The earliest stages of software development usually include discussions about what a software product will do, whose needs it will serve, what problems it will solve, what business process improvements it will make, what opportunities it will address, and how it will support business decision making. All of these discussions require clear communication and (some level of) consensus among the various (and often diverse) solution stakeholders.
Several kinds of stakeholders serve as official information sources for software development, especially for software solution requirements. People who serve as information sources can be grouped broadly according to their collaborative roles, including corporate boards and officers (governors), those who manage business activities and request improvements therein (requestors), those who perform business activities and expect software solutions to improve those activities (expectors), and solution developers.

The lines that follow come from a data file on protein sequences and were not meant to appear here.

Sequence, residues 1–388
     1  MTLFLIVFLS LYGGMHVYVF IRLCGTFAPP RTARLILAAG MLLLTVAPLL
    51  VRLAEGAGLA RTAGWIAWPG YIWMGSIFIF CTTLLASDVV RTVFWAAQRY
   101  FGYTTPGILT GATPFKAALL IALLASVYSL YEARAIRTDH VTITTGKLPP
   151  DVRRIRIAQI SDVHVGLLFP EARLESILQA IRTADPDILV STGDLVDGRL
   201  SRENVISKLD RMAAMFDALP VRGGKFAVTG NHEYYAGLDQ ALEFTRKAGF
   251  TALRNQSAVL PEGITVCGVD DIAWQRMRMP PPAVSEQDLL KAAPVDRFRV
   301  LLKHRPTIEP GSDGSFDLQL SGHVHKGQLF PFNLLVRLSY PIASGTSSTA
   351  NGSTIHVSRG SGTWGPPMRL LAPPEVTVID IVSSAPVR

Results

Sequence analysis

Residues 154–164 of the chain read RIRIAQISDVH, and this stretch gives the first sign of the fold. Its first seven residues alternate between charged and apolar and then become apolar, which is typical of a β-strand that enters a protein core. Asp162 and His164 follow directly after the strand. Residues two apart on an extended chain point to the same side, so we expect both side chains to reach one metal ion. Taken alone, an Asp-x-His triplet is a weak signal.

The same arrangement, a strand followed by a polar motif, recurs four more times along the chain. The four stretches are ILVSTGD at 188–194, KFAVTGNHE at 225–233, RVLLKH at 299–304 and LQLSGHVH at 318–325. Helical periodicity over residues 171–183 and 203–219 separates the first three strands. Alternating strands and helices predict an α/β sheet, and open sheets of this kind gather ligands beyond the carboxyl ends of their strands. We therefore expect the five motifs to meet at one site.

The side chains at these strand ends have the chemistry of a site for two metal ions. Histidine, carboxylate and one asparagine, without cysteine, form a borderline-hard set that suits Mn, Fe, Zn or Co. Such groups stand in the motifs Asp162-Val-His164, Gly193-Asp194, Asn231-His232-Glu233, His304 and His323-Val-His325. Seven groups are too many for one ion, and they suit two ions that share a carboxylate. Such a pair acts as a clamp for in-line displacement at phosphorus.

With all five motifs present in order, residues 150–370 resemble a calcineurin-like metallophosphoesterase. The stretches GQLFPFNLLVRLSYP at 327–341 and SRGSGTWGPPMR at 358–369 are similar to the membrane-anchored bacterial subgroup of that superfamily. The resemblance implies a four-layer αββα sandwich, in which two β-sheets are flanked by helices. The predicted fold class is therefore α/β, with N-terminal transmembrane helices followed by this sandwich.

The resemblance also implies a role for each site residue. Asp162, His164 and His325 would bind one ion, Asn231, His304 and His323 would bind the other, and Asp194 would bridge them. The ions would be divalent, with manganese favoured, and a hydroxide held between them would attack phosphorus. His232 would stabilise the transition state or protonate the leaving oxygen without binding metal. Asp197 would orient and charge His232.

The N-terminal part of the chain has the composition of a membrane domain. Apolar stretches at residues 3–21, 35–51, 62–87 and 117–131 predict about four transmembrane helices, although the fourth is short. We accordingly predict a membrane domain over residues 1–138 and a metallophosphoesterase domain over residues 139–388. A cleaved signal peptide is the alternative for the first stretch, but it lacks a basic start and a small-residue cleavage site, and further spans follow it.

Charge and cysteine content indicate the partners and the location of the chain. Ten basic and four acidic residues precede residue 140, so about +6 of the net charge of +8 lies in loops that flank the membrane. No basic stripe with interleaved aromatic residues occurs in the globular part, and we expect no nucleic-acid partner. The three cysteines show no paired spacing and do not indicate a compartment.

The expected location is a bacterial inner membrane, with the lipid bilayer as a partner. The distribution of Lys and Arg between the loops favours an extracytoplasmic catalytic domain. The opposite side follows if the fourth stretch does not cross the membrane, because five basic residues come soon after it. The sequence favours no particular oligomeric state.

Successful software development requires effective collaboration between all interested stakeholders during software development projects that impact their interests. In order to communicate and collaborate effectively, stakeholders must share a common understanding of the problems they are trying to solve (or resolve). Without a common vocabulary and shared conceptual models of a business opportunity and its attendant problem(s), the effectiveness of a software development team and the likelihood that the developed solution will achieve its intended ends are substantially reduced (if not utterly doomed).
Software product managers, business analysts, and requirements engineers are typically responsible for eliciting, collecting, analyzing, and organizing software solution requirements, especially by translating the (often) relatively informal statements of stakeholders into more stylized and formalized statements of requirements. Software developers then translate these ideas into working code.